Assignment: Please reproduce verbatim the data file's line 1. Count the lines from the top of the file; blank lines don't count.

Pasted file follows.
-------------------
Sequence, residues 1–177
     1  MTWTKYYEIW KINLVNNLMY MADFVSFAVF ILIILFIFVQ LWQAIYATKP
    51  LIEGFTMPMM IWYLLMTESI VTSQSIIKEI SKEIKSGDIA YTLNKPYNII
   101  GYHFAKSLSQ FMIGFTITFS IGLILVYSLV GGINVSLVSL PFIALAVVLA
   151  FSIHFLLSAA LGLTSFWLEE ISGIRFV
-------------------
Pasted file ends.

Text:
Sequence, residues 1–177